# Fast Numerical Methods for Non-local Operators

### Wolfgang Hackbusch

Max-Planck-Institut für Mathematik in den Naturwissenschaften, Leipzig, Germany### Stefan A. Sauter

Universität Zürich, Switzerland### Christoph Schwab

Eidgenössische Technische Hochschule, Zürich, Switzerland

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## Abstract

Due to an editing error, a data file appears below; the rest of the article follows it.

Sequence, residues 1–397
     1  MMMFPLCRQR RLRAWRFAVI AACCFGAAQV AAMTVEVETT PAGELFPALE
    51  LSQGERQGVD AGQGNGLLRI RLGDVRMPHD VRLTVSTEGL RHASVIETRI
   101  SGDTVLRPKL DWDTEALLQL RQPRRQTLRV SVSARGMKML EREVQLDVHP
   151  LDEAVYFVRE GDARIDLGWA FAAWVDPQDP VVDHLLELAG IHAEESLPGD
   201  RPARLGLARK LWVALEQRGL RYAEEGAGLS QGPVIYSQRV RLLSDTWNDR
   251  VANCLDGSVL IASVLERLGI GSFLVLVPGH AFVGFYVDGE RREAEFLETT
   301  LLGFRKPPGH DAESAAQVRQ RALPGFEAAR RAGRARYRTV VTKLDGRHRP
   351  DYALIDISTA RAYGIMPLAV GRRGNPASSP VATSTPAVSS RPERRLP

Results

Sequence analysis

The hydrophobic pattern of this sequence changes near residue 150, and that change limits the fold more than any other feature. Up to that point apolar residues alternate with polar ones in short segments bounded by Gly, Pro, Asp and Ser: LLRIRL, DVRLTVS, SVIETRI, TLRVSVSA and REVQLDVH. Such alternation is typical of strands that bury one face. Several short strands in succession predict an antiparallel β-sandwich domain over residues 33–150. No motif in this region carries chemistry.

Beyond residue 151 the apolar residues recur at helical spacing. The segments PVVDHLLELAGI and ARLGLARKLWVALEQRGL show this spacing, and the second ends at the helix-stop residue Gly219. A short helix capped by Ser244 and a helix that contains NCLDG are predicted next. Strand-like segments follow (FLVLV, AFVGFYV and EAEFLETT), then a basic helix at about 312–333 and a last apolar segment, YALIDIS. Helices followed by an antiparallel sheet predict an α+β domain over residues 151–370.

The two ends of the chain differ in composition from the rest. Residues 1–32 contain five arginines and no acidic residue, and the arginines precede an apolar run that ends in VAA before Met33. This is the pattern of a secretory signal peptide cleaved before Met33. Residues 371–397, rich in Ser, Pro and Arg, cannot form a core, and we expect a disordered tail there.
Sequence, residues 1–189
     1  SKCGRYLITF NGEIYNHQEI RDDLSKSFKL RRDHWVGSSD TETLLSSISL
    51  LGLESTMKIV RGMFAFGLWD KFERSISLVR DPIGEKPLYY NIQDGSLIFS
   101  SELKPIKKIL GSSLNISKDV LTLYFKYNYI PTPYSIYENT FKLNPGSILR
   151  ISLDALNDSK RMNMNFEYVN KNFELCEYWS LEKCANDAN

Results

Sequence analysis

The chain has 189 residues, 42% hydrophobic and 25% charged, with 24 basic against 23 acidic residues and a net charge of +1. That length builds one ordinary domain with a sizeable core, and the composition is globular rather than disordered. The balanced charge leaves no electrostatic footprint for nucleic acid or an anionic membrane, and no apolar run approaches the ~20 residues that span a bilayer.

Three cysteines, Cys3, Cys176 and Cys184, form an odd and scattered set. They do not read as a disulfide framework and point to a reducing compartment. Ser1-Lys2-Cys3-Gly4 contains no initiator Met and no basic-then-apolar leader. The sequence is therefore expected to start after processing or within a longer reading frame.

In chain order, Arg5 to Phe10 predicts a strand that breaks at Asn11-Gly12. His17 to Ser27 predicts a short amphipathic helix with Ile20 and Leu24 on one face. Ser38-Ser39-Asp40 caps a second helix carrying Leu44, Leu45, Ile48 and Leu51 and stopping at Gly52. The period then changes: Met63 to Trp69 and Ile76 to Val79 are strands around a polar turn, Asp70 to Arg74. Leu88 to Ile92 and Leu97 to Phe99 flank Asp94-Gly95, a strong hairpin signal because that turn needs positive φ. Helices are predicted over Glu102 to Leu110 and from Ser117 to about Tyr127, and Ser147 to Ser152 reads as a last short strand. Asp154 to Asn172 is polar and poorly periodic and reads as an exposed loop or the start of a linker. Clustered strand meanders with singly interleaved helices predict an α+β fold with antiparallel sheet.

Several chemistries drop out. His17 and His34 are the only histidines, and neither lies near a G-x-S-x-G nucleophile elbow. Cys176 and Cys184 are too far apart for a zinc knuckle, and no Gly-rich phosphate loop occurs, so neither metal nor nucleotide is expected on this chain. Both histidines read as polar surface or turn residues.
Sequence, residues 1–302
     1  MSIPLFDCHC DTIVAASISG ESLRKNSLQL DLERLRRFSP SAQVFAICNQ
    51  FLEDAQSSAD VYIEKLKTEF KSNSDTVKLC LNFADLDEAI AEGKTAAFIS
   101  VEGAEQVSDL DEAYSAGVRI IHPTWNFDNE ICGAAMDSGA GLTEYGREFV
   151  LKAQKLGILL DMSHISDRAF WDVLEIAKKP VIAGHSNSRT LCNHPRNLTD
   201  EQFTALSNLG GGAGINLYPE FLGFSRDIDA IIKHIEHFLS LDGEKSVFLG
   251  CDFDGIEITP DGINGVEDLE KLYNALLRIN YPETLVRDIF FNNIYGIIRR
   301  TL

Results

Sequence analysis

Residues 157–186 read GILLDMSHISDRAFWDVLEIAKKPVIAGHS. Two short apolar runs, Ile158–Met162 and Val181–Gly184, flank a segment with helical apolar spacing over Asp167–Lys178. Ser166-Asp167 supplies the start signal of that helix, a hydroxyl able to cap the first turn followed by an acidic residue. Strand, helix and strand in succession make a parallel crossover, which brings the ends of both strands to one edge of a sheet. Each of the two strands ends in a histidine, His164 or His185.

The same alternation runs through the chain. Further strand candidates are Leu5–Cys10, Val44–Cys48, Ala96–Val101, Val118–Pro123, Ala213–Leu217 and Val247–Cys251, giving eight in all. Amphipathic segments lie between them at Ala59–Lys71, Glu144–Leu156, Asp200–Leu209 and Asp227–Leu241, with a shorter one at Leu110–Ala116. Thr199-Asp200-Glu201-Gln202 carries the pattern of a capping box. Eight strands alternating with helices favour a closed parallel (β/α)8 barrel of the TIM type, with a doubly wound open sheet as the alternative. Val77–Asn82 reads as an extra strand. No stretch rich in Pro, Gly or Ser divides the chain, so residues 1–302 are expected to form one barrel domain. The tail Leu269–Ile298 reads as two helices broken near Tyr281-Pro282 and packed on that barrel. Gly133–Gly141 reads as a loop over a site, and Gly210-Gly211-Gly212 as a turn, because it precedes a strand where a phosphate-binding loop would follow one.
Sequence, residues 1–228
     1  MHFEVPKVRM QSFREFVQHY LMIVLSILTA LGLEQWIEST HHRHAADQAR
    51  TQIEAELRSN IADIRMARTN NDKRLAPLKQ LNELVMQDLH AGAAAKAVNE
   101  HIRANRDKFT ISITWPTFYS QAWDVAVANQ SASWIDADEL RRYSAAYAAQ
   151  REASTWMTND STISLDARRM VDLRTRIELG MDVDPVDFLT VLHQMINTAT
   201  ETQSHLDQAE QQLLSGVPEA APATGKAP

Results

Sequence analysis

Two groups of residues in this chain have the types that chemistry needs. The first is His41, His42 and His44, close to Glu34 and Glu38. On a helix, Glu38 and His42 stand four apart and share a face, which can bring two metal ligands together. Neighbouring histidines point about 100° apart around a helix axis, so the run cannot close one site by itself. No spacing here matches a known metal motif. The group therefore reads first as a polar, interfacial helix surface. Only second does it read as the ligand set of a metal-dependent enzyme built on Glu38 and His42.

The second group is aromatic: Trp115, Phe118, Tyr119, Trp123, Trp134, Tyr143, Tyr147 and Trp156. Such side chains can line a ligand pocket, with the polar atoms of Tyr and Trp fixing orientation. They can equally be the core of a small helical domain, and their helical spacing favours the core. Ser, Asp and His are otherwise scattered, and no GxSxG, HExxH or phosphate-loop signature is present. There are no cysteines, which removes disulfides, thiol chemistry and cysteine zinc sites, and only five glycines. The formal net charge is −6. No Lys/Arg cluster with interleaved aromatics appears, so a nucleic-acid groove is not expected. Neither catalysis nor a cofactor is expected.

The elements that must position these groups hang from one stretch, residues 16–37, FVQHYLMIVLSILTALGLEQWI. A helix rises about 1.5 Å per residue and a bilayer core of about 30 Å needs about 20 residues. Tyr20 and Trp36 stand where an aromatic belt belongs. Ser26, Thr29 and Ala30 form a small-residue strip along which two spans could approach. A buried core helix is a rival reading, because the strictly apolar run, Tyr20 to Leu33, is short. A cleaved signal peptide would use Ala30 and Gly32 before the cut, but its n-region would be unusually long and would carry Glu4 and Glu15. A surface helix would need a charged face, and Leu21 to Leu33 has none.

The fast numerical treatment of non-local operators is an important challenge in many fields of mathematics and its applications. This includes classical Fredholm integral operators, retarded potentials for wave equations, inversion of (discretised) partial differential equations, solutions to the matrix Riccati equation, infinitesimal generators of step processes, non-local filter operators in image processing, or non-local potentials in quantum chemistry and process simulation. The terminology \textquotedblleft fast\textquotedblright\ is related to the \textquotedblleft Fast Fourier Transform\textquotedblright\ which allows to apply the (non-local) discrete Fourier transform of $N$ data points in $% O\left( N\log N\right)$ operations instead of $O\left( N^{2}\right)$ operations. With growing demand for reliable discretisation methods for such applications the need of fast numerical methods for non-local operators has increased rapidly worldwide since the mid 80th and we list below some of these methods: \begin{enumerate} \item Cluster methods for the sparse representation of classical Fredholm integral operators. \item Multipole methods for the fast evaluation of Coulomb-type potentials. \item $\mathcal{H}$-matrices for the sparse representation of \textit{% inverses} of finite element discretisations of partial differential equations. \item Wavelet- and multiscale representations of non-local elliptic operators. \end{enumerate} These methods allow to reduce the storage amount and the computational cost when applying a non-local operator to $O\left( N\right)$ data points from $% O\left( N^{2}\right)$ to $O\left( N\log ^{\alpha }N\right)$ , for some moderate $\alpha \sim 1$. This $\log$ -linear complexity is based on an \textit{approximate} representation of non-local operators which are already afflicted with a consistency error stemming from an underlying numerical discretisation. The size of this \textit{additional }error is controlled by suitable control parameters in such algorithms and the numerical analysis allows to choose them in an optimal way. The efficiency of these newly developed numerical methods has generated a vivid research activity in this field of numerical analysis and new challenging problems are arising: For instance, we mention the ab-initio numerical solution of Schr\"{o}dinger's equation for $N$ particle systems with far field interaction, where the numerical solution for very large $N$ is feasible only by using new fast algorithms for non-local operators. Among further novel applications is the optimal stopping of step-diffusion processes for which the infinitesimal generator of the process is non-local. The full potential of fast methods for such kinds of applications is not yet utilized and research activities are directed in these directions. A further field of active research is the numerical solution of problems arising in electromagnetics. Such problems are described in a wide range of parameters (wave numbers, dielectric constants, etc.) by Maxwell's equation. Integral operators are often used to reduce the problem on unbounded domains to the compact surface of the scatterer. These operators depend on parameters, e.g., the wave number in a critical way and the fast algorithm are currently developed for such type of problems. The goal of the (half) conference was to focus on the basic methodological problems such as \begin{itemize} \item numerical analysis of fast compression methods. \item algorithmic aspects of fast compression methods. \item fast algorithms for integral equations in electromagnetics. \item fast compression algorithms for new types of applications. \end{itemize} This Oberwolfach conference brought together 22 scientists in the field of fast numerical methods for non-local operators. The workshop had a clear mathematical focus on the systematic development of fast methods for new types of applications, on their algorithmic aspects and the relevant numerical analysis. A total of 17 presentations were given. The fact that after each talk there arose very stimulating and intense discussions show that the conference truly had workshop character where all participants profited from the talks and the discussions after the talks and in the breaks. The topics of the talks can be categorized in the following areas: \begin{itemize} \item \textbf{Discretisation by wavelets and Fast Multipole Methods} Wavelets allow the sparse discretisation of non-local operators due to the vanishing moment properties. Progress in the application of wavelets to (time-harmonic) electromagnetic problems for high wave numbers and for high-dimensional problems has been presented by the talks of R. Schneider, J. Tausch and E. Tyrtyshnikov. In O. Steinbach's talk \textit{Tearing and Interconnecting Domain Decomposition Methods}, the FETI/BETI method was considered which is an efficient preconditioned iterative solver for finite element/boundary element domain decomposition methods. It was shown that dense matrices arising in BETI could be avoided by using the Fast Multipole Method. \medskip \item $\mathcal{H}$\textbf{-matrix arithmetics} $\mathcal{H}$-matrices allow the sparse representation of non-local inverses of finite element discretisations of PDEs and to perform arithmetic operations such as matrix-matrix multiplication, matrix exponentials, etc. in log-linear complexity. In this field, $\mathcal{H}$-matrix LU based preconditioning of BEM equations have been presented by M. Bebendorf. In his lecture, L. Grasedyck presented \textit{adaptive coarsening strategies for }$% \mathcal{H}$\textit{-matrices.} A further development in this area was presented by B. Khoromsikij in his talk on \textit{data sparse representations for multidimensional non-local operators}. \medskip \item \textbf{Scattering Problems} The numerical solution of inverse scattering problems can be based on an iteration process based on integral equations. The presentation \textit{% integral equations and numerical solution of inverse scattering problems }by R. Kress provided a survey on the newest developments in this area. %S. Chandler-Wilde {\Huge HIS ABSTRACT IS\ STILL MISSING}. In his presentation, G. Monegato considered the problem of scattering at a T-junction. The arising integral operators are non-standard and results on their mapping properties and the numerical solution have been presented. In the talk of S. Sauter, the Galerkin method for Helmholtz' equation was analysed and error estimates which are explicit in the wave numbers have been presented. In his presentation, I. Graham presented a method which allows to use asymptotic information to compute diffraction coefficients in high frequency scattering. \medskip \item \textbf{Novel Applications} In some talks, new applications in the field of non-local operators have been considered. S. Rjasanow has presented numerical solution methods for the non-local electrostatic problems arising in the modelling of large biomolecules. C. Schwab gave a presentation on \textit{numerical solution of operator equations based on stochastic data}. The computation of the $k$-th moments of the random solution can be based on high-dimensional integral equations and numerical methods for its solution have been presented. \medskip \item \textbf{hp Boundary Elements} The discretisation of integral equations by $hp$ boundary element method enjoys exponential convergence rates. In the talk of E. Stephan on \textit{% Schwarz methods for integral equations on surfaces}, fast solvers for the arising systems of linear equations have been presented. \medskip \item \textbf{Convergence Theory for Boundary Elements Methods} Besides the development of fast numerical methods for non-local operators there have been two talks on the stability and convergence theory for integral equations. W. Wendland gave a presentation on \textit{J. Radon's convergence proof of J. Neumann's method with double layer potentials} while R. Hiptmair has presented a method for a stable coupling of integral equations in scattering.